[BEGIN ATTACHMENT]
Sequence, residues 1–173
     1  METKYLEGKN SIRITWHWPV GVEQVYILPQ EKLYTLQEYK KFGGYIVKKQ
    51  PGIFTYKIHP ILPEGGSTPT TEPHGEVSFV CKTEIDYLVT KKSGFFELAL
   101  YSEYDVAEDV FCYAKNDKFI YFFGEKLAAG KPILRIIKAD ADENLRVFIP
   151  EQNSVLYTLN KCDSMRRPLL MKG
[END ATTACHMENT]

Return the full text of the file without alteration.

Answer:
Sequence, residues 1–173
     1  METKYLEGKN SIRITWHWPV GVEQVYILPQ EKLYTLQEYK KFGGYIVKKQ
    51  PGIFTYKIHP ILPEGGSTPT TEPHGEVSFV CKTEIDYLVT KKSGFFELAL
   101  YSEYDVAEDV FCYAKNDKFI YFFGEKLAAG KPILRIIKAD ADENLRVFIP
   151  EQNSVLYTLN KCDSMRRPLL MKG